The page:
Retailers are at the forefront of cyber attackers targets. Retailers are still more attractive to cyber attackers because they offer the potential of larger gains as it is publicly known that they have a high volume of customers, and with customers comes cardholder data and private contact details.
According to the UK Government Cyber Security Breaches Survey 2016, the average cost of a breach to a large company is £36,500. With one data breach identified in this survey as costing £3m from the following direct expenses, these exclude the indirect costs such as rebuilding a damaged reputation:
- Lost cash resources
- Lost revenues whilst unable to trade
- Containment and remediation activity
- Replacement hardware and software
These threats are genuine and no retailer is immune, in the past four years the largest of retailers have been targeted, and some of which were incapable of preventing the breach. Recently, both Target and Ebay, considered high profile retailers, have been struck by a cyber breach. Target were victim to the theft of 40 million credit card accounts, amounting to 70 million customers having some their confidential information exposed. $240 million was spent by Target to replace customers’ cards as well as the costs of sales and the stock price of the company being driven down from the public reputational damage. One of the world’s best known brands, online auctioneer eBay was victim of an attack where 145 million customer accounts were breached – this is still one of the largest known theft of credit card data from a single targeted victim.
Basic tips to cyber security
The following cyber tips should be applied to all enterprises regardless of the size and industry.
- Invest in quality anti-virus protection
- Enforce strong password management policies
- Be very wary of email attachments/links
- Be aware of the threats of a BYOD policy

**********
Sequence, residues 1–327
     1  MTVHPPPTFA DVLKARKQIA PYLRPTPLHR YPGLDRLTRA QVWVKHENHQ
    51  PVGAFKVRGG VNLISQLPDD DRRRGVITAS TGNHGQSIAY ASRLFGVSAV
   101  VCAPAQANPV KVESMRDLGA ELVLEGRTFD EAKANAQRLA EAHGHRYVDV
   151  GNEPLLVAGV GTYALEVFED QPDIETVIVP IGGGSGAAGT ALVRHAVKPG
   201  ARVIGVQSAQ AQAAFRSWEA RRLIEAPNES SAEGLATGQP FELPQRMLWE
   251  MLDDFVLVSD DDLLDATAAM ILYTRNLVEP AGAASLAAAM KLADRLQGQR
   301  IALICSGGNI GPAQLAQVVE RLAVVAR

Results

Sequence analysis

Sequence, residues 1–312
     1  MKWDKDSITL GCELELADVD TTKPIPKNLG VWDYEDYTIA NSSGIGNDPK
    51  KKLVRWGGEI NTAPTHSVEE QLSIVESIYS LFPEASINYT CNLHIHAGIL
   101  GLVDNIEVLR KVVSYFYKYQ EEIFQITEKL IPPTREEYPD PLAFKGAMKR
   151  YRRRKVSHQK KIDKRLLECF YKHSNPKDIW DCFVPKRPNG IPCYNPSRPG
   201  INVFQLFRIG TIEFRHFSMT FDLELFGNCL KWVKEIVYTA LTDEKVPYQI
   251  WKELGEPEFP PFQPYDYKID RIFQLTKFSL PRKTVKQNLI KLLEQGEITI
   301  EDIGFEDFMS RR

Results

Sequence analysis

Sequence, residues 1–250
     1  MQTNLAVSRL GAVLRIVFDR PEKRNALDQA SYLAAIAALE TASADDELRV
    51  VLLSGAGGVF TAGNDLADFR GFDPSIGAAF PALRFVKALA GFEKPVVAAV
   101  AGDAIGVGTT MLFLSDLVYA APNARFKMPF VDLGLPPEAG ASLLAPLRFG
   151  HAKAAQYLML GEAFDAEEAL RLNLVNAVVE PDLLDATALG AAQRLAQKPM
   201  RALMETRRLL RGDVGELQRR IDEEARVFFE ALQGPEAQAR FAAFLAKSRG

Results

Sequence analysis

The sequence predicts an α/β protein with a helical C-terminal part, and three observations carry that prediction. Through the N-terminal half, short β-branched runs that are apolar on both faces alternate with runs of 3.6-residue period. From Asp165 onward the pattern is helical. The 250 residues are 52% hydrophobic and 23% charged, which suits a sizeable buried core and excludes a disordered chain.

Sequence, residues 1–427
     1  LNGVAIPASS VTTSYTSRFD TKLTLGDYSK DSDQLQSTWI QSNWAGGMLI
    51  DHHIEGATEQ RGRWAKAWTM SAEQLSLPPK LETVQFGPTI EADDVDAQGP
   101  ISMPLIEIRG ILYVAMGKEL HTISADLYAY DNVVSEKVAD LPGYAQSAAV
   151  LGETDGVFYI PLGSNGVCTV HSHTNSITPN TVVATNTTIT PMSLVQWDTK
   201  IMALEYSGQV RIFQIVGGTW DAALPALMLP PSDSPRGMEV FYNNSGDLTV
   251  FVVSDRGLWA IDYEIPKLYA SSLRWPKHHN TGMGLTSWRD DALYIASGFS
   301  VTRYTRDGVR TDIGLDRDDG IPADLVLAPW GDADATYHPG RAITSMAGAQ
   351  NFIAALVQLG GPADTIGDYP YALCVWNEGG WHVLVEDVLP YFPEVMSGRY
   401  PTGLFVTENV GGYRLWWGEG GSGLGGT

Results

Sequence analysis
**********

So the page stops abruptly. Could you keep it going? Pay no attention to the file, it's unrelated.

- Stay aware of current threats
- Create a Response Plan
- Invest in a Cyber Security Expert
As well as these, more specifically, for retailers, there must be considerations towards focusing on the security of payment acceptance and customer data. Why? As a retailer, the nature of your business is different to perhaps other types of businesses. These key differences being the high level of customer communication and overall orientation surrounding customers and their personal, private details. Therefore, naturally the increase in customers leads to a higher volume of payments and data, henceforth why there needs to be more of an emphasis on cardholder data and data protection. Below shows the tips tailored towards the cyber security of retailers:
- Make sure you are compliant with the Payment Card Industry Data Security Standards (PCI DSS)
So what are the PCI DSS? The PCI Security Standards Council promotes payment card industry standards worldwide and works towards ensuring merchants understand the standards for security as well as staying protected from cyber breaches and the theft of cardholder data, in doing so ensuring that payment solutions are safe for both the organisation and the customers. The Payment Card Industry Security Standards (PCI DSS) are: